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This article describes my reconstruction of the costume that might have been worn by a Viking woman in the late 9th century a.d. Her origin would have been in Denmark or perhaps southern Sweden. In this first version of the writeup, I am not quoting references properly, just giving some notes on inspiration/sources. My apologies, but at present it's all I have time to do.
Click a thumbnail to view a larger image.
There is extensive evidence for Viking women (by which I mean Scandinavian women in what we call the Viking Age) wearing pairs of bronze oval brooches. Many finds have small cloth loops which have been preserved by contact with the metal brooches. Occasionally these are also attached to fragments of cloth which we assume formed an overgarment, referred to variously as apron-dress, hangerock, traggerock or smokkr. We don't know what the garment was called in its day, so all names used now are guesses or just handy labels invented by archaeologists (usually German). "Smokkr" is Thor Ewing's suggestion, and is at least a word that was in use at the time. Anyway, these garments are usually interpreted as some kind of pinafore, and the straps that go up from the top of the brooch as commonly interpreted as long and going right over the shoulder. I've tried this arrangement and find it problematic in practice: the brooches pull down and the back of the dress rides up. If you add suspended beads, tools, needlecase etc. as suggested by various graves, this problem is exacerbated. Also it is frankly a bit of a pain making all these long loops and attaching them.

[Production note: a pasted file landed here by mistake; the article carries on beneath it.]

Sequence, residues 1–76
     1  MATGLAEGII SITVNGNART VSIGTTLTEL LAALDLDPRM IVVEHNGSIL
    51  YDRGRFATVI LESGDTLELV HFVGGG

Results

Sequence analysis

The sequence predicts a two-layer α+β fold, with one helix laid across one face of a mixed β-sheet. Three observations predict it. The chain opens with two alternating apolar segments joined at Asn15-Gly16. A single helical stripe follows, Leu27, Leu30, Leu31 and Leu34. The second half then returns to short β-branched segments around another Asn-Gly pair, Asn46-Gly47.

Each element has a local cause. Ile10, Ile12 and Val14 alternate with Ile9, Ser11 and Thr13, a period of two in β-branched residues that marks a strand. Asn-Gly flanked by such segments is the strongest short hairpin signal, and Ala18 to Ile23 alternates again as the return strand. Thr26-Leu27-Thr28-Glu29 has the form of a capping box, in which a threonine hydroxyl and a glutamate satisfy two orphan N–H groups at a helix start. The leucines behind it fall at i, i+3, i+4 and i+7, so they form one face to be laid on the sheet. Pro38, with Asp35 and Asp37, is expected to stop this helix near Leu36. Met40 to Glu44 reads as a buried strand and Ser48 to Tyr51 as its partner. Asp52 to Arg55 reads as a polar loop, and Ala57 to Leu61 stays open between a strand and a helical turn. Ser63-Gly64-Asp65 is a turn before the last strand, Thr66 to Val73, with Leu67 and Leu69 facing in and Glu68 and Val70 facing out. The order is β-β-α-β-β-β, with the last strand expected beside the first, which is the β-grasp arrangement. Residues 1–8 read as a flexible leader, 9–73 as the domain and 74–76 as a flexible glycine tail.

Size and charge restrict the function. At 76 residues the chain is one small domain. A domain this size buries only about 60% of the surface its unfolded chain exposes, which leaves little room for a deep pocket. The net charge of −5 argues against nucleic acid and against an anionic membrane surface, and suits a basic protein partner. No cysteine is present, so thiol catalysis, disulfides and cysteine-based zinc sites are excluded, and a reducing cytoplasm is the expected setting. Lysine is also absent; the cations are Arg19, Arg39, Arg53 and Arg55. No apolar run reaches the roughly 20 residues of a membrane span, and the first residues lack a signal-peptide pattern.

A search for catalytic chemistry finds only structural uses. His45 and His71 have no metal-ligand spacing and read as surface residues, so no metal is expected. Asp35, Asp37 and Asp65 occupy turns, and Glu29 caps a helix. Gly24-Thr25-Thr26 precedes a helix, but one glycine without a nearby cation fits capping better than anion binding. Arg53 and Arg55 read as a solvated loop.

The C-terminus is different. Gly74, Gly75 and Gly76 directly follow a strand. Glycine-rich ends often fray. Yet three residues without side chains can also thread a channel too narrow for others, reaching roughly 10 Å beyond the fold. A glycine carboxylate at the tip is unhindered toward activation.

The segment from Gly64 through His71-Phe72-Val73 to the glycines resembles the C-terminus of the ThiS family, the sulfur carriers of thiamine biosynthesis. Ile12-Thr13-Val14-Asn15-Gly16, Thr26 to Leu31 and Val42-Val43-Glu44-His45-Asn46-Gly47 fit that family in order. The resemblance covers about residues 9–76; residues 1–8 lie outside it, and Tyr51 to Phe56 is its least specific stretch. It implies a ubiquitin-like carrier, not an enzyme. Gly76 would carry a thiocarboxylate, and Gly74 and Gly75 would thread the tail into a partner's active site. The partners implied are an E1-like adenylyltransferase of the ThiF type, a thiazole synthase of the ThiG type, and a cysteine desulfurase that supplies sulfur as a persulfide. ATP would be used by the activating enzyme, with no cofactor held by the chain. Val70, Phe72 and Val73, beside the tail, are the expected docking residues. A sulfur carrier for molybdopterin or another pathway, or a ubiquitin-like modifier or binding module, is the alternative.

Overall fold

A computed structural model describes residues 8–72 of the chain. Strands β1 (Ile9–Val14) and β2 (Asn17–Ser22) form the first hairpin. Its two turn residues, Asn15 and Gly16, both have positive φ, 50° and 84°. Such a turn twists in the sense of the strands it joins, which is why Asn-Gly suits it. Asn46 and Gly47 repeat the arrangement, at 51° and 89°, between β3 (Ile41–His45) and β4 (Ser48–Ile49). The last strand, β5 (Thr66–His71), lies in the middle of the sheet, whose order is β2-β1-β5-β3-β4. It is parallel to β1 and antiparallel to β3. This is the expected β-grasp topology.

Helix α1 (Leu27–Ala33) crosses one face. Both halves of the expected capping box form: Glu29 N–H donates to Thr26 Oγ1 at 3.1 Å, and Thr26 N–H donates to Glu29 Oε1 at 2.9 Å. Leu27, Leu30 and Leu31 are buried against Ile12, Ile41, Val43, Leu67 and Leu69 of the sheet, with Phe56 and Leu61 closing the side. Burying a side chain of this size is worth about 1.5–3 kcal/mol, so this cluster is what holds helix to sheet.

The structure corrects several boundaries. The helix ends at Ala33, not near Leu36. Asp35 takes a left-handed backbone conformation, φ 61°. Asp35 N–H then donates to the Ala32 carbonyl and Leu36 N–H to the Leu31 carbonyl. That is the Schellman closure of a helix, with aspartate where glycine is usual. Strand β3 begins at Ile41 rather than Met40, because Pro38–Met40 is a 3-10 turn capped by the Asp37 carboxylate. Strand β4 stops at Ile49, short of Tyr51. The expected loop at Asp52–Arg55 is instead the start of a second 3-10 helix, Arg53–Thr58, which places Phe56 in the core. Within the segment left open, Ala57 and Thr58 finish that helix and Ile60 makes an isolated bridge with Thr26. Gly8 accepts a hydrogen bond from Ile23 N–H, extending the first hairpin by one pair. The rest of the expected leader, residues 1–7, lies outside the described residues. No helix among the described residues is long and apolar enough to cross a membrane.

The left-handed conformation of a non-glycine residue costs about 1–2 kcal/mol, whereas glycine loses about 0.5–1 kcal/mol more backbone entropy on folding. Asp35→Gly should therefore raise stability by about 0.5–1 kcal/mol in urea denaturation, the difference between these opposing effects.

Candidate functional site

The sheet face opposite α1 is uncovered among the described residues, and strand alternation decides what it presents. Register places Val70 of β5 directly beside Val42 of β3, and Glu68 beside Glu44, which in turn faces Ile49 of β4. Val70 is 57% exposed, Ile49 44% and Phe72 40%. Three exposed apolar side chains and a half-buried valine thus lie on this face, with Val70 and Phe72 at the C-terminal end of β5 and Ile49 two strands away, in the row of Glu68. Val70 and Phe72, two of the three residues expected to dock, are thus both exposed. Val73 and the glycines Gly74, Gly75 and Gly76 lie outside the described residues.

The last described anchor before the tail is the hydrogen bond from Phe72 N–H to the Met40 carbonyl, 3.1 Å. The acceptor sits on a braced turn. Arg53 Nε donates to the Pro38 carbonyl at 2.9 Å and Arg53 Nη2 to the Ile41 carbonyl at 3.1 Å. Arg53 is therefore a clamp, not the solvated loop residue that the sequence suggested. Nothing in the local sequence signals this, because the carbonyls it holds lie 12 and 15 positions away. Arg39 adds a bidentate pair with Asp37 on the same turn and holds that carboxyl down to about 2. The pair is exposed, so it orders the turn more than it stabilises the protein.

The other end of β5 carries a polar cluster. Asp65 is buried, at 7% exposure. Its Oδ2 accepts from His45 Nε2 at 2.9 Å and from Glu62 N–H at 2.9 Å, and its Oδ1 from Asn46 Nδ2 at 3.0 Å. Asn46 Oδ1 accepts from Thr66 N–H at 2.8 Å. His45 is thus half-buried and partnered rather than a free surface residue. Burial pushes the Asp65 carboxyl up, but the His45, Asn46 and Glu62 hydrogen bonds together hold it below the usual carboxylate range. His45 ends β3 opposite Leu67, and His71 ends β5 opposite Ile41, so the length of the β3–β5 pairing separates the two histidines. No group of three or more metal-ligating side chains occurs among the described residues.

The loops in the graves are, as far as I know, always short - only the area near the metal has been preserved. So making the upper loops long is a pure guess. The smokkr shown above uses short loops instead, which are consistent with the archaeological finds. I've also been inspired by the 12th Century cloak found at Leksand in Norway to make the loops just long enough to fasten with the brooches, but no longer. This dress is a direct development of the Germanic peplos as worn by Anglo-Saxon women a few centuries before (and also in a pagan context). The main difference is the addition of the loops so that the fastening brooches don't pierce and damage the cloth.